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Are U.S. voters rebuking Joe Biden over his Israel policy?



The Israel-Hamas War is entering a sixth month.

During a recent trip in New York, President Joe Biden was asked when a ceasefire between Israel and Hamas might start.

He said he hopes a pause in hostilities can take effect in the coming days to allow for remaining hostages to be released.

Jonathan Tobin, the editor-in-chief of Jewish News Syndicate joins Veronica Dudo. #IN AMERICA TODAY #featured #IsraelHamas #war #Israel #Hamas #ceasefire

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Putin threatens West with nuclear strike



Russian President Vladimir Putin has issued a direct threat to employ nuclear weapons against the West, accusing NATO and the United States of preparing to strike Russia.

Putin delivered this ominous warning during his annual address to the nation, raising global tensions to unprecedented levels.

During his speech, Putin accused NATO and the US of deceptive maneuvers, alleging their intentions to launch an attack on Russian territory.

He emphasised Russia’s readiness to defend itself, boasting of its modernized nuclear arsenal and asserting the capability to defeat any potential aggressors on their own soil.

The Russian leader’s words carried a chilling reminder of the destructive power at his disposal, stating, “They have to understand that we also have weapons, weapons that can defeat them on their own territory.”

Such rhetoric underscores the grave risk of escalating conflict and the potential catastrophic consequences of nuclear warfare.

Nuclear war

Putin warned that the deployment of troops to Ukraine by NATO countries could lead to a real risk of nuclear war.

He emphasised Russia’s determination to strengthen its military presence in response to perceived threats from neighboring nations aligning with Western alliances.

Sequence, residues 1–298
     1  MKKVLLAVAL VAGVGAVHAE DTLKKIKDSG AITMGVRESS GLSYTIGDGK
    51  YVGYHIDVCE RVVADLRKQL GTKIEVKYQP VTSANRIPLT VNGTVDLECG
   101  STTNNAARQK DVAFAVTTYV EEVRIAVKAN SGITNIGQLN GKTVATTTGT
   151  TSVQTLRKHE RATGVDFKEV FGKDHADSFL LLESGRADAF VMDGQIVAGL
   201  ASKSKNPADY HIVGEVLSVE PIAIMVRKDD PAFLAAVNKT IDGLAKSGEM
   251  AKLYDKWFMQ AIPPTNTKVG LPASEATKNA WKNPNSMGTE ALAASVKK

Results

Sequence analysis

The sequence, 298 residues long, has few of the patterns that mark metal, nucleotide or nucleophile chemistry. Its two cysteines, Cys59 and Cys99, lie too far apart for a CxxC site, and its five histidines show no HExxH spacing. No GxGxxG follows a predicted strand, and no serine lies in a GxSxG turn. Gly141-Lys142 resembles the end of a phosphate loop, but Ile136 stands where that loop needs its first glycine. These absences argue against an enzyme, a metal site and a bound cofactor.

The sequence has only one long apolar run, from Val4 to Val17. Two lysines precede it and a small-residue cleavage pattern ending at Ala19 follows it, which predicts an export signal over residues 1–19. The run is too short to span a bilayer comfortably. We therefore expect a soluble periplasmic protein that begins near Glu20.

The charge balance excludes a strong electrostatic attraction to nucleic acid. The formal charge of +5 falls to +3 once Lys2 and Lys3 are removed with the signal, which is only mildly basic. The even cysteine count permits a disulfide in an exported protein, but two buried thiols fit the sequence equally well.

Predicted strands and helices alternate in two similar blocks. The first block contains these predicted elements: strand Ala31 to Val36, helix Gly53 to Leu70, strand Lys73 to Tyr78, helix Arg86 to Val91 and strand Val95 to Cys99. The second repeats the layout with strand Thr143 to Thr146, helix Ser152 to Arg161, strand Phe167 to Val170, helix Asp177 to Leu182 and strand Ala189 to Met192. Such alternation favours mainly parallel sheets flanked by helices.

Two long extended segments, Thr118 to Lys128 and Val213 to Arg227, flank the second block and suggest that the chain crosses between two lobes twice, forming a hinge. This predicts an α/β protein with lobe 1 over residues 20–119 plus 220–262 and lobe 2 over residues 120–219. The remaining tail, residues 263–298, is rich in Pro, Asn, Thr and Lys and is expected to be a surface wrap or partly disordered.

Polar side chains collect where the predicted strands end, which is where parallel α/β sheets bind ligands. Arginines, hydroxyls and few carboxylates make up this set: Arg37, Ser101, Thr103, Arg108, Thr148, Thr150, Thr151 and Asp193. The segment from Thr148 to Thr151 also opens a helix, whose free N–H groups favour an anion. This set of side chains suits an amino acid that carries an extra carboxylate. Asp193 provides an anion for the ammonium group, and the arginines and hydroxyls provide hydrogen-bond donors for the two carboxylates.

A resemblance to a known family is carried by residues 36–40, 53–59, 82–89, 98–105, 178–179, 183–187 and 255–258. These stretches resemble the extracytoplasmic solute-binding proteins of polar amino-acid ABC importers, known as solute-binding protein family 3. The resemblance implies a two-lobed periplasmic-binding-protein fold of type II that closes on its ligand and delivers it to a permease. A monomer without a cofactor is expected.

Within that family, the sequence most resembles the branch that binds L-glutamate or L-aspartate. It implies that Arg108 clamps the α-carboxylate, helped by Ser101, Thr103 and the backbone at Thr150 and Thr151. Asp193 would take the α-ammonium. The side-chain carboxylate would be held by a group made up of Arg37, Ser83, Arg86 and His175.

In addition to military concerns, Putin criticized Western efforts to engage Russia in an arms race, vowing to bolster Russia’s defense capabilities while accusing the West of attempting to weaken the country economically and politically.

Despite escalating tensions and global condemnation of Russia’s actions in Ukraine, Putin sought to rally support domestically, praising Russian unity and resilience in the face of adversity.

He portrayed Russia’s military intervention in Ukraine as a defensive measure to safeguard national interests and protect Russian citizens.

Putin’s aggressive stance towards the West underscores the deepening rift between Russia and Western powers, raising fears of a potential conflict with far-reaching consequences.

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FAA gives Boeing 30 days to fix 737 MAX program



The Federal Aviation Administration has issued Boeing a 90-day deadline to devise a comprehensive plan for enhancing quality control procedures after a recent incident involving a 737 Max aircraft.

Less than two months following an alarming occurrence where a door plug blew out of a 737 Max aircraft just nine minutes into an Alaska Airlines flight, the FAA has demanded Boeing to present a thorough strategy to address quality control deficiencies.

The incident, which took place on Flight 1282, revealed that essential bolts required to secure an unused door panel on the nearly new aircraft were missing, according to a preliminary investigation conducted earlier this month.

The door plug had been removed and reinstalled at Boeing’s Renton, Washington, factory where the 737 Max is manufactured.

This incident adds to a string of production issues plaguing Boeing’s flagship aircraft.

Action plan

In response to the FAA’s directive, Boeing affirmed its commitment to developing a comprehensive action plan with measurable benchmarks.

The aerospace giant assured that its leadership is fully dedicated to meeting this challenge head-on.

FAA Administrator Mike Whitaker emphasized the need for Boeing to implement substantial and enduring improvements, emphasizing that foundational changes will necessitate ongoing commitment from the company’s leadership.

The FAA intends to hold Boeing accountable at every stage of the process, ensuring that mutually agreed milestones and expectations are met.